Halifax Living Wage Report 2015 now released!
June 1, 2015
Today was the much-anticipated press release for Halifax Living Wage 2015; a research report developed by the Nova Scotia Office of the Canadian Centre for Policy Alternatives (CCPA) and the United Way. Introducing the report were two panelists: CCPA’s Nova Scotia Director, Dr. Christine Saulnier, and Max Chauvin, Chair of the Opportunities Council and Co-Chair of the Homeless and Affordable Housing Partnership (United Way). Saulnier and Chauvin shared that this report, a critically-important lens into the economic realities of our society, is really just the beginning of a long-overdue conversation. By sharing some of the highlights of the new report, one of the key themes that emerged was the way in which a living wage in Halifax (calculated at $20.10 per hour) could potentially offset the severe social cost that many families in HRM have to endure. This is one of the many ‘hidden’ costs of living below the poverty line in our country; ultimately the cost of being excluded from the basic tenets of social interaction. These include things like recreational activities, music lessons, school supplies, or even simply being able to send your child to a birthday party with a gift.
Saulnier and Chauvin demonstrated how a much-needed shift in how we view income levels is what could ultimately make the difference between a family’s hopes for the future or a slow, downward spiral into financial disrepair. Sharing some ‘first-voice’ perspectives of local HRM families, the panelists explained how some parents – despite working full time hours – are forced to skip meals at times so that their children can have enough to eat. The truth is that this tragic (and avoidable) state of affairs is so widespread that approximately 1/7 of the households in Nova Scotia that use food banks are already trying to survive on the earnings a full-time job.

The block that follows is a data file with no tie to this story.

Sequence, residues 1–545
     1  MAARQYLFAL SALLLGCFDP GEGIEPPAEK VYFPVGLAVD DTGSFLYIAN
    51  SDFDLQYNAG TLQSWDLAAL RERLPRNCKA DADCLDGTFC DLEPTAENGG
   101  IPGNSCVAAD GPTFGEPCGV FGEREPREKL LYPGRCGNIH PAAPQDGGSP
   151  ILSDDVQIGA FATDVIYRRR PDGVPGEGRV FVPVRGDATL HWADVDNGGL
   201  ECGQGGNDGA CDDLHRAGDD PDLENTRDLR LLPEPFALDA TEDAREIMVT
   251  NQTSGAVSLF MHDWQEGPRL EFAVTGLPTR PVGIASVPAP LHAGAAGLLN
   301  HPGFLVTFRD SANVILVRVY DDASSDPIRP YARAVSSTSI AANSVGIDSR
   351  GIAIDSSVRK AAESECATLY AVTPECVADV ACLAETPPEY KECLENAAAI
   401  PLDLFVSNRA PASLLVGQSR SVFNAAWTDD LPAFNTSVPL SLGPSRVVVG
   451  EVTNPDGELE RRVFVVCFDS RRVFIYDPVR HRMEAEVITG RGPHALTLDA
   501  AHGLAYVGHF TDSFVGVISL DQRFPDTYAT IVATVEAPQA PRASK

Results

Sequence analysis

Dr. Saulnier went on to explain that 40% of children living in poverty in Nova Scotia belong to families with at least one full-time/full-year earner. This, in itself, demonstrates just how vitally important it is for our city to be engaged in the income conversation. Deeply engaged. But it was also pointed out how, despite beliefs to the contrary, private businesses could actually benefit from supporting a living wage for their employees.
Dr. Saulnier referred to the fact that a properly paid staff…is a staff that sticks around! She cited how mental health, company morale, and an overall sense of wellness are things that go hand-in-hand with the implementation of living wages, and that this has been proven in other communities that have made such a progressive step forwards. The fact that employees who earn a living wage often report less sick time and have less employment turnover rates means that businesses, ultimately, experience fewer costs in training and make-up time. Furthermore, the benefits of healthy employees, combined with a stronger business organization, ultimately leads to improved community wellness.
A “new benchmark” of income technology, as Saulnier and Chauvin put it, is ultimately what our city – and our province – needs. A vibrant, healthy new level at which to set the bar for our hard-working citizens and for our public and private sectors. After all, we all want to be part of a progressive future. So let’s invest in our strongest asset we have; our social infrastructure, and let’s forge a new way into economic prosperity. Let’s do this.
You can access a copy of The Halifax Living Wage 2015 here: